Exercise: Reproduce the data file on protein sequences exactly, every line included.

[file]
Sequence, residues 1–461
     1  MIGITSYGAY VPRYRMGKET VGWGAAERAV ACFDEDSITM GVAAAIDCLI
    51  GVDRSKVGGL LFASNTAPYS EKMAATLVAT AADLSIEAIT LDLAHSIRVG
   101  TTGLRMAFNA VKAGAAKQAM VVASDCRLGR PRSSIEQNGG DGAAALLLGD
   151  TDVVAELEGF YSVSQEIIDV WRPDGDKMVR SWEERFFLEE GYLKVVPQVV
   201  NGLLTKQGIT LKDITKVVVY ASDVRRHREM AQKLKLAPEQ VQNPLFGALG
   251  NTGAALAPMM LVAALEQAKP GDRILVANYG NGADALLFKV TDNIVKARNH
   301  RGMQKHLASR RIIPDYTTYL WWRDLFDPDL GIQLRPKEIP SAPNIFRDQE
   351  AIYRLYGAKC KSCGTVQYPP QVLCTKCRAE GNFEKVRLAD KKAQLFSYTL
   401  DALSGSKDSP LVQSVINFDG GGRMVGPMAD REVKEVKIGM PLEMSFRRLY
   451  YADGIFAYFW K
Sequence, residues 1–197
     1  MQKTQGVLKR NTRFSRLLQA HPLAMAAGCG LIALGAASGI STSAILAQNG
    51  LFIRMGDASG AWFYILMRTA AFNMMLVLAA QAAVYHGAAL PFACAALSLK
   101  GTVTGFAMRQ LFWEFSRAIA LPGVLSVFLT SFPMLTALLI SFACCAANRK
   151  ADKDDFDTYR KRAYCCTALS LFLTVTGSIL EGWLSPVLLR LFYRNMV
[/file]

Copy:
Sequence, residues 1–461
     1  MIGITSYGAY VPRYRMGKET VGWGAAERAV ACFDEDSITM GVAAAIDCLI
    51  GVDRSKVGGL LFASNTAPYS EKMAATLVAT AADLSIEAIT LDLAHSIRVG
   101  TTGLRMAFNA VKAGAAKQAM VVASDCRLGR PRSSIEQNGG DGAAALLLGD
   151  TDVVAELEGF YSVSQEIIDV WRPDGDKMVR SWEERFFLEE GYLKVVPQVV
   201  NGLLTKQGIT LKDITKVVVY ASDVRRHREM AQKLKLAPEQ VQNPLFGALG
   251  NTGAALAPMM LVAALEQAKP GDRILVANYG NGADALLFKV TDNIVKARNH
   301  RGMQKHLASR RIIPDYTTYL WWRDLFDPDL GIQLRPKEIP SAPNIFRDQE
   351  AIYRLYGAKC KSCGTVQYPP QVLCTKCRAE GNFEKVRLAD KKAQLFSYTL
   401  DALSGSKDSP LVQSVINFDG GGRMVGPMAD REVKEVKIGM PLEMSFRRLY
   451  YADGIFAYFW K
Sequence, residues 1–197
     1  MQKTQGVLKR NTRFSRLLQA HPLAMAAGCG LIALGAASGI STSAILAQNG
    51  LFIRMGDASG AWFYILMRTA AFNMMLVLAA QAAVYHGAAL PFACAALSLK
   101  GTVTGFAMRQ LFWEFSRAIA LPGVLSVFLT SFPMLTALLI SFACCAANRK
   151  ADKDDFDTYR KRAYCCTALS LFLTVTGSIL EGWLSPVLLR LFYRNMV